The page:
Hackney Council officers suffered one of their many embarrassments last January after inviting three Conservative ministers to watch them demonstrate how easy it was to kick in the door of a pre-war council house. For five minutes three council workers kicked and battered at the door, but it refused to budge. Then, just after the bemused ministers had turned to leave, the old door gave up its resistance and fell flat on its back.
As this week's events have again showed, Labour ministers would not have been so patient. Frustrated by the London borough's inability to put its education house in order they are sending in a euphemistically-named "improvement team".
The news has been greeted by banner headlines, but in truth this is one of the less shocking developments that Hackney's education service has witnessed in recent years. Graham Lane, chair of the Local Government Association's education committee, says that the problems that led to this week's announcement have been bubbling up over the past two years.
But, as he must know, Hackney has been on the critical list for a lot longer than that. Back in 1988, the borough accused The TES of unfairness for suggesting that it was not making the necessary preparations for life after the Inner London Education Authority. But two years later, when Hackney had to go it alone, teachers and other education staff were left without wages for seven weeks because the payroll department was in such chaos. Almost simultaneously, HMI presented a grim report which revealed that 11 of the schools they had inspected over the previous 18 months were "at risk" of failing.
Ironically, the borough's chair of education for part of this lead-up was a certain Michael Barber. Neither he nor the council could be blamed for those particular statistics, of course. They were part of its inheritance from the ILEA. Nevertheless, many pundits who were aware of the bitter divisions within the ruling Labour group, and its history of incompetence, were predicting in 1990 that Hackney LEA was the fledgling authority least likely to succeed. So it has proved.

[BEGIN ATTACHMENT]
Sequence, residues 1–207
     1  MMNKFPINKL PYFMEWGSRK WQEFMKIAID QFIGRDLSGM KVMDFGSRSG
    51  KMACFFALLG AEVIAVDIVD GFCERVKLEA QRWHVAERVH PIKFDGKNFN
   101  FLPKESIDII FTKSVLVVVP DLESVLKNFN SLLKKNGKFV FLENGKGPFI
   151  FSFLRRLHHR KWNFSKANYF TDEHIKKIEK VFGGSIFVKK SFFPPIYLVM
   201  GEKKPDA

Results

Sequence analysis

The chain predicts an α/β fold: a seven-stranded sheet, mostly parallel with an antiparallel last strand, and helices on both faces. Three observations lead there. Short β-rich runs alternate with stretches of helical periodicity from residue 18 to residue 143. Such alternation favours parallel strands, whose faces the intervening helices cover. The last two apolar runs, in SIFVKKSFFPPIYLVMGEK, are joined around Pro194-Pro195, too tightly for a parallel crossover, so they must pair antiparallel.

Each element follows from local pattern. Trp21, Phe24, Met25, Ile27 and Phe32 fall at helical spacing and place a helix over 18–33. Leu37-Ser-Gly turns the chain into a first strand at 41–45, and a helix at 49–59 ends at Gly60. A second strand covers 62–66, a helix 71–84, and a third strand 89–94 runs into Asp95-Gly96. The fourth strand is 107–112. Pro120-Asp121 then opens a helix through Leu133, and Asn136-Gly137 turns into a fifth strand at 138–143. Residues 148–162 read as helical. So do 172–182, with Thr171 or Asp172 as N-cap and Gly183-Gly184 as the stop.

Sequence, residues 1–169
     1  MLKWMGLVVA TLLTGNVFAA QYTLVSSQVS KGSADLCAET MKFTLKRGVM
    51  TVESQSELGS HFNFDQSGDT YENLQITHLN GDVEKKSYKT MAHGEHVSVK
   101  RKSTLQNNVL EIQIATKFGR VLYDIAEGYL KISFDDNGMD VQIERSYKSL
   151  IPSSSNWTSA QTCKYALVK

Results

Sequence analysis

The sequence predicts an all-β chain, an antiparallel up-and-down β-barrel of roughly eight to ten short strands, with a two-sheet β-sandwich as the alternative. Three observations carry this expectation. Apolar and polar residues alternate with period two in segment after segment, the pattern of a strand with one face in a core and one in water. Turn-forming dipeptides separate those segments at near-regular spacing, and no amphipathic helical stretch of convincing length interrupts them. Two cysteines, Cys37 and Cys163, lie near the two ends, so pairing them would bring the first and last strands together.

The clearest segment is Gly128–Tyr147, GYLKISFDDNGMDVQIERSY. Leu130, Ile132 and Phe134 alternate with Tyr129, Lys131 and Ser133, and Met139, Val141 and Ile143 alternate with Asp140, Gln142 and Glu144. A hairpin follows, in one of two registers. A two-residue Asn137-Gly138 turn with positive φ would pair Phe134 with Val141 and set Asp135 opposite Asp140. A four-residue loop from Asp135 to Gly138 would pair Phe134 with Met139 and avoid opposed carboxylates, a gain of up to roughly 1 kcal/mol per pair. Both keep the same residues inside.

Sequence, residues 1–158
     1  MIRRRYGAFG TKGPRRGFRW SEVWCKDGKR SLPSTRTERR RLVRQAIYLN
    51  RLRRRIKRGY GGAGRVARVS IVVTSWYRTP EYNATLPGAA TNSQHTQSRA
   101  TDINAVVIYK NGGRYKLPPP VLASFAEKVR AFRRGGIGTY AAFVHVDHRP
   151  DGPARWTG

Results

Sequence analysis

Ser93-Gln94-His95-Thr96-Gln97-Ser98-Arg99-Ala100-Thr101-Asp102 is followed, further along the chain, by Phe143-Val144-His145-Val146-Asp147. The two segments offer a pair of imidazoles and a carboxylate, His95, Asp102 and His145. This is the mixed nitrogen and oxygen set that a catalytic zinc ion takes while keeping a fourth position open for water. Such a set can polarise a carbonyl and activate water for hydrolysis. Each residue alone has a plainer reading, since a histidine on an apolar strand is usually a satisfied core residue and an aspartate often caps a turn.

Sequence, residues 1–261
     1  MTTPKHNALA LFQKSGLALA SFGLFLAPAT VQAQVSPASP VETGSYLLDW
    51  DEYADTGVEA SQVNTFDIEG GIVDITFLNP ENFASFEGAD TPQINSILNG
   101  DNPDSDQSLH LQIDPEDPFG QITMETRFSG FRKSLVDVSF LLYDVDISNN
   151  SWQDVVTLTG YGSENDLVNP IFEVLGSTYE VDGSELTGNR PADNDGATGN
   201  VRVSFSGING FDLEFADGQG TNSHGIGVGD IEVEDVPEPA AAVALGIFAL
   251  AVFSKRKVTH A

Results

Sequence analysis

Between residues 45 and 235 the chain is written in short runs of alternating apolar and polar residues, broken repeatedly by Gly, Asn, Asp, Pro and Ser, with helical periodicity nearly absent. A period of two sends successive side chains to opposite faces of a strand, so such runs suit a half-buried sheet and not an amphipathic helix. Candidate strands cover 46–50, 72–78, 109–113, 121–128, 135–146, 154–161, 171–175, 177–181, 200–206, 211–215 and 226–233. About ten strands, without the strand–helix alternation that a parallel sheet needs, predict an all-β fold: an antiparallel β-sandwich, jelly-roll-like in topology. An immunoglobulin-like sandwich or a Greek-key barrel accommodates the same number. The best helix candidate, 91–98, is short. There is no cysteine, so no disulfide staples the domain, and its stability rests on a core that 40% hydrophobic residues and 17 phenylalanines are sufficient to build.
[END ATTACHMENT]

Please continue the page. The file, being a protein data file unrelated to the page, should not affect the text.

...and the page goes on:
Truancy figures and GCSE results may have improved, but there have also been some spectacular failures, notably the Government-ordered closure of Hackney Downs school. The year-long delay in appointing a successor to Gus John, the former chief education officer, is another unforgivable failing which has contributed to the debacle. Nature abhors a vacuum, and so does good government.
There must now be some unease at the idea of central government putting its hobnailed boot to the door of perhaps the most impoverished borough in the land - but once the Office for Standards in Education report became public, ministers had little choice.
As is typical of almost any issue involving Hackney, there are a host of competing interpretations of the Government's move. Some see it as the ruthless scapegoating of a borough which has always been a thorn in Labour's side. Others view the intervention as no more than macho posturing in the run-up to the party conference season. Some Hackney councillors have warned the the Government to keep their hands off the borough's schools; others have been pleading with the Secretary of State to intervene. It is far from clear if the Government itself really relishes being dragged into the political shambles which the borough currently represents.
One element, though, emerges clearly from the morass. The 10,000 children of Hackney deserve better than this. The Government is right to try to make sure that they get it.